The lentiviruses of sheep, goats, and horses cause chronic multiorgan disease in which macrophages are highly permissive for viral replication. Monocytes, which mature into macrophages, are thought to be latently infected with lentivirus, but the extent to which other leukocytes are infected is unknown. Dendritic cells have not been studied separately from monocytes and T-cell subsets have not been examined in previous attempts to identify infected cells in peripheral blood mononuclear cells (PBMC). We found no evidence of T-cell tropism using an animal-passaged, pathogenic ovine lentivirus. Phytohemagglutinin-stimulated infectious PBMC produced 20-fold less virus than differentiated macrophages, and cocultivation of infectious PBMC with fresh, uninfected phytohemagglutinin blasts did not facilitate virus replication. Furthermore, central lymph cells, the best in vivo source of purified lymphocytes, lacked virus and did not yield virus upon in vitro cultivation. In contrast, cultivated blood-derived macrophages were highly permissive for viral replication. To identify the latently infected PBMC, PBMC from infected sheep were selectively depleted of monocytes and B cells by passage over nylon wool and then of nonadherent cells bearing CD4, CD8, T19, γδ T-cell receptor, CD45RA, or major histocompatibility complex class II antigens by panning. Removal of adherent monocytes and B cells or of adherent cells and the three major T-cell subsets (CD4+, CD8+, T19+) did not decrease the infectivity of PBMC. The richest sources of infected cells in fresh PBMC were CD45RA+ and major histocompatibility complex class II+ nonadherent cells, which are three characteristics of dendritic cells. Thus, the dendritic cell, and not the monocyte or the CD4+ cell, is probably the predominant infected cell type in blood.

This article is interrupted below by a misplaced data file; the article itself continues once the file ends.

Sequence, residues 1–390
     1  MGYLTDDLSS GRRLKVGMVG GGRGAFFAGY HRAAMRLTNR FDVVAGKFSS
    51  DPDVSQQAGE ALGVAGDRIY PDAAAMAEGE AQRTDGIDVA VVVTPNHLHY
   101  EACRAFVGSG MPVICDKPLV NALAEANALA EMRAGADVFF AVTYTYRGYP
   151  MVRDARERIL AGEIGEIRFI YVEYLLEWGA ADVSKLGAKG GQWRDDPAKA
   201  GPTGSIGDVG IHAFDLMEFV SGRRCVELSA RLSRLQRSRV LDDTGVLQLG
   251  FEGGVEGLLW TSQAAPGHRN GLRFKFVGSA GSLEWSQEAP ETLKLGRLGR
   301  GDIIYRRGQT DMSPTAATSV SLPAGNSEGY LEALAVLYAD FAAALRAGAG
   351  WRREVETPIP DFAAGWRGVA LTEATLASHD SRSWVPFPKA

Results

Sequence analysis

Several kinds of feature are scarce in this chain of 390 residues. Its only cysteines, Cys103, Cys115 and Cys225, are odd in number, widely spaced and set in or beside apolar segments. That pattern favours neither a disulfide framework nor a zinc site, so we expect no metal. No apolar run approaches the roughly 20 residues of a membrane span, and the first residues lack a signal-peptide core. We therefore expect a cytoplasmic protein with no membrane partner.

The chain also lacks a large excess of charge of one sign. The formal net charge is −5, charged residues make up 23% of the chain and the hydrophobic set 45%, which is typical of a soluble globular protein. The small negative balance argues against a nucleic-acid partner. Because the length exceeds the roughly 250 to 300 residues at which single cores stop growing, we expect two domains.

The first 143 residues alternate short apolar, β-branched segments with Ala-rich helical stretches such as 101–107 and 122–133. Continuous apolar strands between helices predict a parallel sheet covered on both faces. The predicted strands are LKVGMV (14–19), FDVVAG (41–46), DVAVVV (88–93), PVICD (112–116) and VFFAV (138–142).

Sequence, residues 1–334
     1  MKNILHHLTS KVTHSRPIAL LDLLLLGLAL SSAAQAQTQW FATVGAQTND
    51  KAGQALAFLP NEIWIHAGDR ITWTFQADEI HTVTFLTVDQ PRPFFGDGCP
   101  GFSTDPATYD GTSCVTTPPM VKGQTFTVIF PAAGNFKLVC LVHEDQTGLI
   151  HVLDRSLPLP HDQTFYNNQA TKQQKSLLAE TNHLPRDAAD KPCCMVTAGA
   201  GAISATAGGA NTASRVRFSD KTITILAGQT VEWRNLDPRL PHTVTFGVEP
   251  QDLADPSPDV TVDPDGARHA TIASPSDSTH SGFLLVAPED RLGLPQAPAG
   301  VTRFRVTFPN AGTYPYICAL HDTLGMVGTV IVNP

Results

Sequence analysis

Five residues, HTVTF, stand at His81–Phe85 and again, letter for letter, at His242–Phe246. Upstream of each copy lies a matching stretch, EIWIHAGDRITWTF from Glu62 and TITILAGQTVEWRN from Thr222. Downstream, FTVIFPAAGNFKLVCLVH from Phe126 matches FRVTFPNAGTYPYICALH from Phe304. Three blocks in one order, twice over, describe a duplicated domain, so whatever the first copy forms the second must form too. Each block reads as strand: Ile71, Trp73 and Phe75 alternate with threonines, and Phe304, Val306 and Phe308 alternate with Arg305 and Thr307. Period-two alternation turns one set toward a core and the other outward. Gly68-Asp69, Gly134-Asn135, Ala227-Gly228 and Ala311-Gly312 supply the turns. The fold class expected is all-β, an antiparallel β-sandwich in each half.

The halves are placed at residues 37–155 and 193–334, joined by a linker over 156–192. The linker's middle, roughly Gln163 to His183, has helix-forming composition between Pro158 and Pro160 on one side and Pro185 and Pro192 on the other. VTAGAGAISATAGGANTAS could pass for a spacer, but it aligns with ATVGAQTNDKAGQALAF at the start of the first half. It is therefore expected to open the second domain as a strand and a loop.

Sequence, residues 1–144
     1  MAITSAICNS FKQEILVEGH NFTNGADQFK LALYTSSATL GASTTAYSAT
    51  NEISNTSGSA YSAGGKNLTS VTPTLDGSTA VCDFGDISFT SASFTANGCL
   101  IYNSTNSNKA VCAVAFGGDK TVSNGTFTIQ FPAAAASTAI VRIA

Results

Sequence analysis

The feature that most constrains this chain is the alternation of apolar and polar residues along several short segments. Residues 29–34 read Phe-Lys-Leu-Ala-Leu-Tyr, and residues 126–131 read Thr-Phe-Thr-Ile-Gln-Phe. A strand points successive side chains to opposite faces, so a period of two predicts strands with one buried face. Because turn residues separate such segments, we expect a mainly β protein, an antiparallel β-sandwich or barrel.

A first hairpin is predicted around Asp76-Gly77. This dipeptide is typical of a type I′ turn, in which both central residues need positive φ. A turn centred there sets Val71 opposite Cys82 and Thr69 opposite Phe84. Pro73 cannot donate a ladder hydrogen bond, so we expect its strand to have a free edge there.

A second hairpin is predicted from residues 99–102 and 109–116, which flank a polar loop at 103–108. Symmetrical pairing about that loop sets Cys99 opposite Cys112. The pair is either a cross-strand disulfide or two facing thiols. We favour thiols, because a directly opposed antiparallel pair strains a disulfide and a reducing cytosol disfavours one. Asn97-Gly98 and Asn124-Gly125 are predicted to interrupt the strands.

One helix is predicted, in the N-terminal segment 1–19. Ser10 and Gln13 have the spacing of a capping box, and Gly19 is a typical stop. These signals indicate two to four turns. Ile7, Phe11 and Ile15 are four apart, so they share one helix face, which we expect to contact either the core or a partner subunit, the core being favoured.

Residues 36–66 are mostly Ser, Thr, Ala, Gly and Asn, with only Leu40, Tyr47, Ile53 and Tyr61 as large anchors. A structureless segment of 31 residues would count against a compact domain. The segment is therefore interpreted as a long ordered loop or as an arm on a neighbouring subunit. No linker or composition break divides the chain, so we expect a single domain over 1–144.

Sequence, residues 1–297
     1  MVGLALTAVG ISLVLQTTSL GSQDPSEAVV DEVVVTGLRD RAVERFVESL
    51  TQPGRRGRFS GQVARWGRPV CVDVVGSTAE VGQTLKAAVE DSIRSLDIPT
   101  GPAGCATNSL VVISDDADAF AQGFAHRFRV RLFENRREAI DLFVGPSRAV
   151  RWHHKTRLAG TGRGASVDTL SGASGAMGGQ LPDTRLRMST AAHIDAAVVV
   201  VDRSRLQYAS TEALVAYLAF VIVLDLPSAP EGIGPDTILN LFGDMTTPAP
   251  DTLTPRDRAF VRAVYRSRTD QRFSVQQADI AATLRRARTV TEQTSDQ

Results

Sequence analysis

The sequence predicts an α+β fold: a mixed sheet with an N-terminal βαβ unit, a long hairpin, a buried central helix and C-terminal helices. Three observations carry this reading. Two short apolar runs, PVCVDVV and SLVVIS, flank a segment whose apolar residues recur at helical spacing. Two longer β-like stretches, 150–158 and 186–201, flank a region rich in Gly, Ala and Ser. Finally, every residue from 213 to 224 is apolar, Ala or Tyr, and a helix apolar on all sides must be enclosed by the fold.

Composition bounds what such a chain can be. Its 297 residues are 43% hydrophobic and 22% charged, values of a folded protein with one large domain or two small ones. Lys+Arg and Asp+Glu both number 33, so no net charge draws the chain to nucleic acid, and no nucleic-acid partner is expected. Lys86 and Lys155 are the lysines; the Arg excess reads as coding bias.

ASJC Scopus subject areas
- Insect Science